Careers rarely develop the way we plan them. Our career path often takes many twists and turns, with particular events, choices and people influencing our direction.

We asked Brian Macken from Smart Futures to give some advice for people considering this job:

 

Brian Macken

Science Communicator

Smart Futures

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  Brian Macken

I would strongly advise you to do the Masters in Science Communication in DCU. It really gives you a feel for the different kinds of media and ways of explaining things. And it's a good place to make contacts, which is also useful.

I would also recommend that you read science books. Not textbooks, good popular science books are just as useful for this kind of work, as it's already been broken down into simpler language for you. And only read the ones that you're interested in - it shouldn't be a chore to read them.

But I would recommend reading outside your subject area, so if you're into physics, then read some books on biology and vice versa (everyone should read Stephen J. Gould).  However, the more knowledge you have, the more questions you'll be able to answer.

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The Linguistic's interests are usually focused on ideas and information exchange. They tend to like reading a lot, and enjoy discussion about what has been said. Some will want to write about their own ideas and may follow a path towards journalism, or story writing or editing. Others will develop skills in other languages, perhaps finding work as a translator or interpreter. Most Linguistic types will enjoy the opportunity to teach or instruct people in a topic they are interested in.
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Chemical, Biomedical & Pharmaceutical Sciences Course Videos

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Chemical, Biomedical & Pharmaceutical Sciences
Chemical, Biomedical & Pharmaceutical Sciences
GMIT Graduate, Mark McDonnell, Science



Courses related to this video..

 

This course exists for students who wish to sample all of the science subjects before transferring to either aquaculture (GA730), biology (GA731), chemical pharmaceutical sciences (GA732), physics instrumentation (GA733), or applied microbiology/biochemistry (GA734).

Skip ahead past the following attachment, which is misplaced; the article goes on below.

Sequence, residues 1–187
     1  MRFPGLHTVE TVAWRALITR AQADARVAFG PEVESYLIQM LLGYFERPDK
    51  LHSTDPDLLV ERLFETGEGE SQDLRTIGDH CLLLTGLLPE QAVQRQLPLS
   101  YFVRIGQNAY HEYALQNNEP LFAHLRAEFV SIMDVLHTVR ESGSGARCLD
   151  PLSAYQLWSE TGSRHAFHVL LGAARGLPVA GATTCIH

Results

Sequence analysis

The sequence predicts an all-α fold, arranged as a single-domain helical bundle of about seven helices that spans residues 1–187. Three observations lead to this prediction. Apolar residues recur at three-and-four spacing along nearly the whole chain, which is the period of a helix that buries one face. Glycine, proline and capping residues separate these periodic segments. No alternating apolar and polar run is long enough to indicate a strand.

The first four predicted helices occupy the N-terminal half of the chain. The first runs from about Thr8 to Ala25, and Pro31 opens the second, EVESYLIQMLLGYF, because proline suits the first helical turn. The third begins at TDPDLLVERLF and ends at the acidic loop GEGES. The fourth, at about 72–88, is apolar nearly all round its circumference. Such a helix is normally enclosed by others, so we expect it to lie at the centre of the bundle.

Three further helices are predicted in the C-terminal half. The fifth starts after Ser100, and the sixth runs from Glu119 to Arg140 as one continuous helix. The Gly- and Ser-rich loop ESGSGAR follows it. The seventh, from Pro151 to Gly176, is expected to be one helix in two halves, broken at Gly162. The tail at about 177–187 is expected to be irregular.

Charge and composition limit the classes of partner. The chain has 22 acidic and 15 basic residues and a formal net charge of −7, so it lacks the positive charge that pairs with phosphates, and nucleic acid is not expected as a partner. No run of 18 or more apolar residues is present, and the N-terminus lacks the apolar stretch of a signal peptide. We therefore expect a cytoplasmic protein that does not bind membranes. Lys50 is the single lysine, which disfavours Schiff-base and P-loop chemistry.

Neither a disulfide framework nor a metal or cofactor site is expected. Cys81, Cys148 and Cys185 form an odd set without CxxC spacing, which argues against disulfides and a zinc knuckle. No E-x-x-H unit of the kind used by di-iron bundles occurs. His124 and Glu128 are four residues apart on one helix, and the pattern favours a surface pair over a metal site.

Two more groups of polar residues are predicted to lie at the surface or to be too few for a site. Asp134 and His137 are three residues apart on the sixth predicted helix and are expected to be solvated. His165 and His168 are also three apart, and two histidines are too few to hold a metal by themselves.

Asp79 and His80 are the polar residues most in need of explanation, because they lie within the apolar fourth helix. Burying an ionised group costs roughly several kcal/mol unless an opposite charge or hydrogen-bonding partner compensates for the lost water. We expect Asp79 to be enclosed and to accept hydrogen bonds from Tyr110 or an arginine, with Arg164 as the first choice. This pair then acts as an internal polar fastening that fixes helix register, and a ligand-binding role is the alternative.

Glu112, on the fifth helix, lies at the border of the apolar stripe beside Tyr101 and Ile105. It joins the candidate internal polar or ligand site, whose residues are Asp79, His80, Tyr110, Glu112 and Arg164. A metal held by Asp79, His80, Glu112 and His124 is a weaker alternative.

Year one involves the study of a range of science subjects, including Computing, Chemistry, Biology, Maths, Physics and Discovering Science.


 

This programme focuses on the practical application of chemistry and includes Medicinal Chemistry, Forensic Analysis, Quality Management, Pharmaceutical Science, and Analytical Techniques.

Students learn how new medicines are discovered and how to ensure that they are safe and of high quality. A strong emphasis on practical work and projects gives the students a great experience in all these areas. It prepares graduates for immediate employment in the pharmaceutical, chemical, biomedical and biotechnology sectors.

There is no need to have studied chemistry for the Leaving Certificate, as the fundamentals of all science subjects are delivered in year one.


Medical Science - GA785
 

This programme will provide students with a solid foundation in the basic sciences together with the skills and knowledge to practice medical laboratory science. There is a 27 week structured in-service placement as a student medical scientist during the third year. Graduates are specifically qualified to work in modern hospital laboratories and are involved in the investigation and diagnosis of medical conditions and disease.


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